As Ray Lewis prepares to take his place in the Pro Football Hall of Fame, teammates, coaches, opponents, family and members of the media reflect on the legacy of the legendary Ravens linebacker with their favorite memories and never-before-heard stories.

T.J. Smith
As told to Glenn Clark

T.J. Smith is the chief spokesperson for the Baltimore City Police Department.

One thing I can say about Ray is that he is not a guy who rolls with an entourage; it’s him. It’s almost a direct contact: “Hey can you come over here?” You don’t have to go through this bureaucracy of people to try to get him somewhere or to get him involved in something. He kind of does this thing on his own.

I’ve described him to people by saying he’s the same way he is when you see him on TV in a huddle on the football field. He’s the same way in a one-on-one conversation when we’re talking about some of the issues in the city. He is just really intense, idea-driven and focused on trying to do something more for the community. I think a lot of people don’t realize what he does behind the scenes, because he’s not out in front of the cameras doing it. It’s a lot. It’s actually pretty amazing how often he is here in Baltimore. You would think he still lives up the street with how often he’s here.

My brother passed away recently, and after, Ray and I had a long conversation. I was sharing with him some of the business side of it, and we really connected on that because we’re talking about how we can engage with some of the young people. It’s so funny because I think back at the conversation, and I can see him sitting across the table — and it’s a serious topic we’re talking about without a doubt — but it truly is like we’re in the middle of that huddle, and we’re scheming up a play to make the tackle or intercept the pass or make this fourth-down stop. That same level of intensity is there.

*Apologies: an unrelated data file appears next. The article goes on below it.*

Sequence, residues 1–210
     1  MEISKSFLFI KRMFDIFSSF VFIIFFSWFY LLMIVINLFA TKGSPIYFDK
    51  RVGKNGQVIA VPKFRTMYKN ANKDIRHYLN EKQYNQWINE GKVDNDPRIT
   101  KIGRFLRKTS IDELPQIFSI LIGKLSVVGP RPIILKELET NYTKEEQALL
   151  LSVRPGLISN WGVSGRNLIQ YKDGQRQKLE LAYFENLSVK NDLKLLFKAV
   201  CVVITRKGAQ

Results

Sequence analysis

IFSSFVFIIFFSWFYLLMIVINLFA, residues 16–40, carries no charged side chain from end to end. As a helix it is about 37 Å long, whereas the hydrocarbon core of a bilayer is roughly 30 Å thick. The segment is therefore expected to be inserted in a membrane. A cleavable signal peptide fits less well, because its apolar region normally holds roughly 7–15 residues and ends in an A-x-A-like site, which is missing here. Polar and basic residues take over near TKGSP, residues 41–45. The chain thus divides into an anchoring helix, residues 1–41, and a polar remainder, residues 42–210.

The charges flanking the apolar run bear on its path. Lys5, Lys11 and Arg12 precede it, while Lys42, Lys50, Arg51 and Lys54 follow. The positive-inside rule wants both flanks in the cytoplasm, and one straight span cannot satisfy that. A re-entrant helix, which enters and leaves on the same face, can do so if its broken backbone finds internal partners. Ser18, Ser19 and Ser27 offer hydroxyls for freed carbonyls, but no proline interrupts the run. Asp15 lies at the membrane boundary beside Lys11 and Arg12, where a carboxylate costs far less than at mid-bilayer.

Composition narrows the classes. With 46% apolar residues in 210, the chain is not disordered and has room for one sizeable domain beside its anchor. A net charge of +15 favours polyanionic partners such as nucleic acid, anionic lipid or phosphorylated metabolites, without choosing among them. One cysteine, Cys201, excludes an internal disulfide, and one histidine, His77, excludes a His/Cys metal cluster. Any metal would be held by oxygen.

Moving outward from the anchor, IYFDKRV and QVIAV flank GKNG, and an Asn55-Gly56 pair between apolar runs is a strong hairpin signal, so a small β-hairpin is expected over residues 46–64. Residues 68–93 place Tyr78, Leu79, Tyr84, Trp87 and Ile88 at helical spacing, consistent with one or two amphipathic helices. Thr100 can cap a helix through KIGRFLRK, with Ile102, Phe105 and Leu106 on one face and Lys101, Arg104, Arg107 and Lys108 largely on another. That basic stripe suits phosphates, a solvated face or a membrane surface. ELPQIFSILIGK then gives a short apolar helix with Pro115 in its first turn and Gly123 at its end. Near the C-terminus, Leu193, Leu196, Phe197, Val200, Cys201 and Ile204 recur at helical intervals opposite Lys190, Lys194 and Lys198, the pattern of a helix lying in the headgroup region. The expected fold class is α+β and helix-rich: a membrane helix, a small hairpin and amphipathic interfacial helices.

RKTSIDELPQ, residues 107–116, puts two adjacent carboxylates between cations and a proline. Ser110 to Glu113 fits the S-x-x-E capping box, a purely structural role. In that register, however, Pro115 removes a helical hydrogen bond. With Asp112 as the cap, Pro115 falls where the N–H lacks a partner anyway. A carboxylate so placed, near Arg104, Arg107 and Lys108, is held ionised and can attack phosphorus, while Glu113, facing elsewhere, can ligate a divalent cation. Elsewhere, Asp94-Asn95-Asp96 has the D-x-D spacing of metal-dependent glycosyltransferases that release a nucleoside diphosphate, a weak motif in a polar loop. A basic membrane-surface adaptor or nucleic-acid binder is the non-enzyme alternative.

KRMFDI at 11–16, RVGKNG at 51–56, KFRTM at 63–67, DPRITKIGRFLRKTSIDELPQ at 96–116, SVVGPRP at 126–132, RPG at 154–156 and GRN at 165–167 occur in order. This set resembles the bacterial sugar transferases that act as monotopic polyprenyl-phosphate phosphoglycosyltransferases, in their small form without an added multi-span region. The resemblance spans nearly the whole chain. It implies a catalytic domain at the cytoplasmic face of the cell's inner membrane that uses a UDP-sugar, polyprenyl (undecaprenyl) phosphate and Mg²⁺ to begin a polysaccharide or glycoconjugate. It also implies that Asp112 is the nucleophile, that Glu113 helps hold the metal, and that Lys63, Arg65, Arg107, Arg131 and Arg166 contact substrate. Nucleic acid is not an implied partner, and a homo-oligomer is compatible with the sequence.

That intensity is one thing that has stood out for me, and there is absolutely zero doubt that he is one thousand percent engaged and in it for the benefit of these young people.

What Ray means to the community is an intangible, quite honestly. You can’t quantify it because there are people who don’t even realize they’re being touched.

This is still home for him. I think he truly is a model for any player and any person who has a high profile and who thinks that they’re too good to be touched. He leaves the ego at the door. He leaves the entourage at the door.

The guy is one of the best, regardless of your politics. If you’re talking about the sport, he is one of the best athletes to have ever played the game of football.

But he’s still not above helping whoever. It can a grandma in West Baltimore or a rich person living on the water. I’ve been able to watch it up close and see him interact and see the intensity, and I know one thousand percent where his heart is, and Baltimore is fortunate to have an advocate like that.

To read all 52 memories of No. 52, visit


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